I have despaired of finding a simple, business appropriate cotton button down shirt that fits me in any women's section of any store. They;re either full of "froofera" or they're cut very baggy casual.
The shirt can be gathered at the back with the same steps as outlined for the coat above. The thinner fabric will make a feminine sort of ruffle at the back, which is not at all a bad thing.


This is the tie-back version. Step 1 is the same as above.

2. Start with two pieces of ribbon or bias tape at least a foot long. You can finish the cut ends by knotting, taping, superglue or burning (if acrylic or nylon). For the end stitched onto the shirt you'll want to fold it under neatly.

3. Follow step 3 as above with the shirt right side out, but instead of elastic pin the end of one ribbon at each gather point.

4. Stitch the ribbon onto the shirt at the pin point.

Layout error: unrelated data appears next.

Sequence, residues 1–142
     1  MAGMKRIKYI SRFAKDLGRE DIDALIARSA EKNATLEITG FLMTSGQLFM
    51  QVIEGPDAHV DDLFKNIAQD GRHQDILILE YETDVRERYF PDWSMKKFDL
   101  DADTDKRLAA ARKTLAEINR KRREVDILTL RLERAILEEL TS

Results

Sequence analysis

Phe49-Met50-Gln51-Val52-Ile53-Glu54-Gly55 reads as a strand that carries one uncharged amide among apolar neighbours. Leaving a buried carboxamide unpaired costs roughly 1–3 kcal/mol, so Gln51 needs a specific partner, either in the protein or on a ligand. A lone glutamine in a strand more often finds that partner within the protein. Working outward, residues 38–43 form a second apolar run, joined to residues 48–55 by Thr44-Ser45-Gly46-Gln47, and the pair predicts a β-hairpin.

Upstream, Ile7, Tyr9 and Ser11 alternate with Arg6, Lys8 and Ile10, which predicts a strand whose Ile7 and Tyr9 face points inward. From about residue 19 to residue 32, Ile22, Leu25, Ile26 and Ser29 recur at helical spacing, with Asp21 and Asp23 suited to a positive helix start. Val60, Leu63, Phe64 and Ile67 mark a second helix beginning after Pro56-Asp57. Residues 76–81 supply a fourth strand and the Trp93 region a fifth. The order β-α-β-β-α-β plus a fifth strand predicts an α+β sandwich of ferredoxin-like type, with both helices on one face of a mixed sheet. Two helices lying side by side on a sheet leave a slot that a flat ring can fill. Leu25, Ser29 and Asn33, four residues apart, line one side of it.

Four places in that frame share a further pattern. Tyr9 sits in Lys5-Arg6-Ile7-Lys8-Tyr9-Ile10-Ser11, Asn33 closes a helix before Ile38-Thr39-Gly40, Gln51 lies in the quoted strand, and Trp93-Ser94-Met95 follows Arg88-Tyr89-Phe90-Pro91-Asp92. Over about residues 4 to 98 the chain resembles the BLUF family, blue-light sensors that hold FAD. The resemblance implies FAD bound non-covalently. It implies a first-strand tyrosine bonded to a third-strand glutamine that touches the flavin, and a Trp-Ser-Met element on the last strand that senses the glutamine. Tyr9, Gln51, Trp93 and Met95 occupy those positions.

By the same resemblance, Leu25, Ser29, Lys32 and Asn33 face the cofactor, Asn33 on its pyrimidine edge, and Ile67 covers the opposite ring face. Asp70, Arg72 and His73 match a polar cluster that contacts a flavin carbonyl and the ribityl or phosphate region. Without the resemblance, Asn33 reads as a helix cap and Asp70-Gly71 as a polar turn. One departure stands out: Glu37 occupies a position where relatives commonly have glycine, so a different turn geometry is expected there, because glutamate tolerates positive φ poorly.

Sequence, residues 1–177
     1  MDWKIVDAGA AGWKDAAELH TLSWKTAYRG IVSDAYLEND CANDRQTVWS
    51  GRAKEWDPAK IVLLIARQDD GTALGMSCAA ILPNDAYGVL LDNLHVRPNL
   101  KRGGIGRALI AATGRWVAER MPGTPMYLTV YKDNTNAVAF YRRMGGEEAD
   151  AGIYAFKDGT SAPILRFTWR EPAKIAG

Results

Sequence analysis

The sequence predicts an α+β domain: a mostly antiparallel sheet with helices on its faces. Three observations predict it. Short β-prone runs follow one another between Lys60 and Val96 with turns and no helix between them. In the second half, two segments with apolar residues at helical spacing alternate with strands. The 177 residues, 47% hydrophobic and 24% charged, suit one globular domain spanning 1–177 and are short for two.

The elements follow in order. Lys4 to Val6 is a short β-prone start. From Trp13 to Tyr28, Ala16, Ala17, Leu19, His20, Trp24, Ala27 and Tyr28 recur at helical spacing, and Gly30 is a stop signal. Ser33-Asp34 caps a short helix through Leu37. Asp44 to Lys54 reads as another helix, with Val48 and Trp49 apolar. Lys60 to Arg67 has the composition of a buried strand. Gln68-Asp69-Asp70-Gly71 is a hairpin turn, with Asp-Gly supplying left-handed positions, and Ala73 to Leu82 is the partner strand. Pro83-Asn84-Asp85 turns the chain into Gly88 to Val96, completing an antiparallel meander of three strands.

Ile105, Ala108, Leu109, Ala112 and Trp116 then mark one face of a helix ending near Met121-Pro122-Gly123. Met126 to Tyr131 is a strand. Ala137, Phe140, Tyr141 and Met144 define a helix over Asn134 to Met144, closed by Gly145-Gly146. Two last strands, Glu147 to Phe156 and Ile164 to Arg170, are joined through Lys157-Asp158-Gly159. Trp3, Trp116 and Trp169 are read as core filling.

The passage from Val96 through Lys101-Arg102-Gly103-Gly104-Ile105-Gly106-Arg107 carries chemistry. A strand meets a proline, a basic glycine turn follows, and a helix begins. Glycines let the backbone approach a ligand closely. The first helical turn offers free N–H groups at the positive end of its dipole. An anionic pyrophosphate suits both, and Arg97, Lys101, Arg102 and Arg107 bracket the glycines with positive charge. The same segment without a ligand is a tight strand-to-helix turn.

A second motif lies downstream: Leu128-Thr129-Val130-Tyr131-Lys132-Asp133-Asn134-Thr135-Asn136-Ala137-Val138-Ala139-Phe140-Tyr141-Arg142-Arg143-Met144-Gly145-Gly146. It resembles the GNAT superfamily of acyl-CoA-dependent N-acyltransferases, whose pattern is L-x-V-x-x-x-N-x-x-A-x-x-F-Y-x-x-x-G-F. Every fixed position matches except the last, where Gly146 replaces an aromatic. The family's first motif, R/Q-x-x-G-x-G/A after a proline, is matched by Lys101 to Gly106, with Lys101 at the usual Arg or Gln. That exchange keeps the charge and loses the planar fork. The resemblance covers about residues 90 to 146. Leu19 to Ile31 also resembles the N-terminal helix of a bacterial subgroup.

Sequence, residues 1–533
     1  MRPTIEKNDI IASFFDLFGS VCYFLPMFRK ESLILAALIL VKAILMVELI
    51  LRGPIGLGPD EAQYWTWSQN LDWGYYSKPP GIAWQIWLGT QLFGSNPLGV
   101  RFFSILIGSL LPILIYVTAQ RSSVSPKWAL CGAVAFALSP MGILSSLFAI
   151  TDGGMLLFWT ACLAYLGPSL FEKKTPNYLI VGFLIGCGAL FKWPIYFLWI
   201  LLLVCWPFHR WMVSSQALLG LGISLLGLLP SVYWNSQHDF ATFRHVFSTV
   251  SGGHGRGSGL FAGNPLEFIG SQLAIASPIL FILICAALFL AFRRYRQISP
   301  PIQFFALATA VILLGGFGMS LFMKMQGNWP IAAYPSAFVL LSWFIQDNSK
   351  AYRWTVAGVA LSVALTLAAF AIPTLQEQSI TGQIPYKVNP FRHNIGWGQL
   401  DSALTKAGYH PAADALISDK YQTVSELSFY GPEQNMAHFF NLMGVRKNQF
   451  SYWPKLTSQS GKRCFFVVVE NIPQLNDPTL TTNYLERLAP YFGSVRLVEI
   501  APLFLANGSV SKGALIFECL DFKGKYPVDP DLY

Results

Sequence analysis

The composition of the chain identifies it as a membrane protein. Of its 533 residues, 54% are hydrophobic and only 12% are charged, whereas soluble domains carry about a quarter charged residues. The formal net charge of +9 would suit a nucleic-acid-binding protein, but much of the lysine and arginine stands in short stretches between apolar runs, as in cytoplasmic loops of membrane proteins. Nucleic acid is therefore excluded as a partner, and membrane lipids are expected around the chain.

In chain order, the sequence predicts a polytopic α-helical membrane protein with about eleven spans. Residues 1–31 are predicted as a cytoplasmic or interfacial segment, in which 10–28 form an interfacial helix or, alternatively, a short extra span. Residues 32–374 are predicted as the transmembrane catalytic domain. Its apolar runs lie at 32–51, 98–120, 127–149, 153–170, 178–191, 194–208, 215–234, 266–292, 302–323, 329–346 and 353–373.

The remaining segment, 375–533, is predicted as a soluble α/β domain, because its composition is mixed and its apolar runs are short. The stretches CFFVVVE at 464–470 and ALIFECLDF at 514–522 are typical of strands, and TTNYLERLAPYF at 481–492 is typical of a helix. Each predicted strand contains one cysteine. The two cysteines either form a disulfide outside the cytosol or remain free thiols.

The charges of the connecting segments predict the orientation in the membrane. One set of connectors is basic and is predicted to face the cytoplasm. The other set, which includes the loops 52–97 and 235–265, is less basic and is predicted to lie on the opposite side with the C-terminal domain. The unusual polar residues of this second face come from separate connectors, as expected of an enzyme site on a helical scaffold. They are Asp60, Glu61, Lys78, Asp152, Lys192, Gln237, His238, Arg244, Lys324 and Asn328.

5. Tie the ribbons to gather the shirt at the back and give it shape

You can also stitch the ribbon all the way around the shirt for a more decorative look. Start at the buttons and stitch it to the shirt all the way around until you reach the point where you would have pinned in step 3 (you can use chalk to mark this point).


Another way to feminize the shirt is to change out the buttons to something more decorative. Few people will realize they're technically on the wrong side if they're pretty.

You can add a gather to short sleeves to make the outline more feminine. Using either elastic cord or stretch lace, sew it around the cuff of the sleeve (cord on the underside, lace either under or over). Stretch the elastic slightly and evenly as you sew so that it will hug your arm when it's finished.

Sew a strip of lace to the underside of the buttonhole side of the shirt so that it just peeks out 1/8th inch or so when the shirt is buttoned. It's a very subtle and simple touch. You can use fabric glue or iron-on fusible if you don't trust your stitching. You can continue the lace up along the inside of the collar for an additional touch.